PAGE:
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Olympic swimmer Gráinne Murphy retires at the age of 22
The Wexford athlete won a silver medal at the European Championships in 2010.

IRISH SWIMMER GRÁINNE Murphy has this evening announced her decision to retire from international competition after a series of injury setbacks.

Grainne Murphy Cathal Noonan / INPHO Murphy represented Ireland at London 2012. Cathal Noonan / INPHO / INPHO

The 22-year-old represented Ireland at the 2012 London Olympics and up until November was pushing for qualification for this summer’s Games.

However a serious lung infection hindered her training and the Wexford-born athlete has opted to call time on her career and concentrate on completing her studies at the University of Limerick.

In a statement released via Sport Ireland, Murphy said she reached a ‘crossroads’ last November.

“After thinking long and hard I have finally come to the decision to hang up my hat and goggles at international level,” Murphy said.

“I have had many amazing memories and experiences during my years as a high performance swimmer and I will treasure them for the rest of my life.

“The highlights for me included winning three gold and a bronze medal at the European Junior Championships in 2009. Following this I competed in my first senior competition at the World Championships in Rome where I just missed out on a semi-final.

“2010 marked my first year on the senior stage and I won a silver medal in the 1500m freestyle and was just pipped for a bronze medal in the 800m freestyle at Senior European Championships in Budapest.

“Unfortunately tough times followed for me as most swimmers and sports people would understand. I had to undergo shoulder surgery which took me out of the pool for quite some time. I managed to recover from that well and qualified for the 2012 London Olympic Games.”

Swimming - Ireland Team arrive from European Championships - Dublin Airport PA Archive / Press Association Images Murphy with her silver medal from the 2010 European Swimming Championships. PA Archive / Press Association Images / Press Association Images

Although Murphy realised a lifelong dream to qualify for the Olympics, she suffered disappointment in London as a bout of glandular fever hampered her performance.

A below-par swim in the 400m freestyle heats saw her record a time of over 10 seconds slower than her personal best. Illness then forced her to withdraw from the biggest competition of her career.

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“Quite publicly, things did not go well for me in in 2012 when I suffered from glandular fever which forced me to withdraw after the heats of the 400 freestyle at the Games,” the statement continued.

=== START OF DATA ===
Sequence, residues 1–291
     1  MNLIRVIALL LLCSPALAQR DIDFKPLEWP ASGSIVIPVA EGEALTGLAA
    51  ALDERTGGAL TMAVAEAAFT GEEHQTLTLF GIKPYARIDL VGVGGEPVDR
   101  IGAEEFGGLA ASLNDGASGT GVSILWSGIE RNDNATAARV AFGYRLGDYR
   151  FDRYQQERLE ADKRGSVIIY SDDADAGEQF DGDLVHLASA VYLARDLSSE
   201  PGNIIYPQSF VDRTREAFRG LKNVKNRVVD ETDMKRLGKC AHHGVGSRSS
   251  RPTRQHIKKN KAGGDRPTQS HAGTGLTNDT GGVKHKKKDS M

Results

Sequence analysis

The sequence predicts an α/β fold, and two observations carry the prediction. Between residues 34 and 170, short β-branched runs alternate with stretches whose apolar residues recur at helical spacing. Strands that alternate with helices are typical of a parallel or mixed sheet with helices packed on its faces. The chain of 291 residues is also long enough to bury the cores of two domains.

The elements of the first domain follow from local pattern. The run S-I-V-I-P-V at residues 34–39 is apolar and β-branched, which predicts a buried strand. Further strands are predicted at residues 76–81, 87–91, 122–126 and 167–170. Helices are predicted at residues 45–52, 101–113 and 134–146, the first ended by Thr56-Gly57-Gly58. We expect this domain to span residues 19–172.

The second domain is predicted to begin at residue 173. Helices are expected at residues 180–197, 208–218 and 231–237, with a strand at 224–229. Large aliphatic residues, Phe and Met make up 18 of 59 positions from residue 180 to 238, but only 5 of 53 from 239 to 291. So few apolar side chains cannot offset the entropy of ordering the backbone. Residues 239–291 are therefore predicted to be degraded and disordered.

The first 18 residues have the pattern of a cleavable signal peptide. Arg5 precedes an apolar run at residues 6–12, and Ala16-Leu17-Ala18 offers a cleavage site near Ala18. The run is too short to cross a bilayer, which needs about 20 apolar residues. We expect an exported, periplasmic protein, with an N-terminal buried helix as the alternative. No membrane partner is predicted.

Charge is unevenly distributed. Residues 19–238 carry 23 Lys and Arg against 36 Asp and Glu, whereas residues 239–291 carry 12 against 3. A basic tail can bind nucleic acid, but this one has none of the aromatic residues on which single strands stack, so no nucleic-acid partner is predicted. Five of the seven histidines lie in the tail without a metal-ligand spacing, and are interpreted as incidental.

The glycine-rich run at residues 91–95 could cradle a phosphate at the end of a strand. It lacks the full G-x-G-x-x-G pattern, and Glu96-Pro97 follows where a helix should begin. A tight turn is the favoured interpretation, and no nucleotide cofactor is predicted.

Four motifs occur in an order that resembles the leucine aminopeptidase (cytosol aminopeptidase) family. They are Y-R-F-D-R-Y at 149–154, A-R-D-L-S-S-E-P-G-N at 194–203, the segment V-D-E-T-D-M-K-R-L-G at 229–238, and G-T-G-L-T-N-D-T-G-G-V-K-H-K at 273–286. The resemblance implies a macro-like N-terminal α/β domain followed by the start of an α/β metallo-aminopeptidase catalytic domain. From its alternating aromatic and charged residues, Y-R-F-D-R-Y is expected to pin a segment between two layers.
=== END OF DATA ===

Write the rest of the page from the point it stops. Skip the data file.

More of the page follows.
“It was a slow road to recovery and in 2014 things finally improved. I then made the decision to move to France to train. Living in another country was an amazing life experience. I made some lifelong friends and trained with top class swimmers.

“I reached a crossroads in November of 2015. I suffered a severe lung infection that took a long time to recover from. I realised that while I might make an Olympic Qualification time for Rio, I did not feel like I would be competitive at the Games.

“I have always maintained that if I go to a major championship I want to be at the top of my game and in the mix.

“Currently I am finishing my studies in exercise and health fitness in the University of Limerick. I am excited for what the future may hold for me and I would love to work in the sports industry in some way.

“I would like to say a massive thank you to all the organisations and people that helped me during my career. I am grateful for the support received from Swim Ireland, Sport Ireland, The Irish Institute of Sport, The Olympic Council of Ireland, Castletroy College, The University of Limerick and UL Sport.

Grainne Murphy Cathal Noonan / INPHO Murphy says she hopes to pursue a career in the sports industry. Cathal Noonan / INPHO / INPHO

“Most importantly thanks a million to my family and friends who have supported me during my career day in and day out.”

Commenting on Murphy’s retirement, John Treacy, CEO Sport Ireland, hailed the swimmer’s achievements.

“Personally and on behalf of Sport Ireland I want to wish Grainne every best wish in her retirement from sport,” he said.

“She was an exceptional swimmer blessed with great athletic ability, work ethic and ability to perform on the big stage. Gráinne won medals at junior and senior level and no doubt she would have won many more except for injury and illness.

“Today is a day for remembering and celebrating her achievements and acknowledging her contribution to Irish swimming.”

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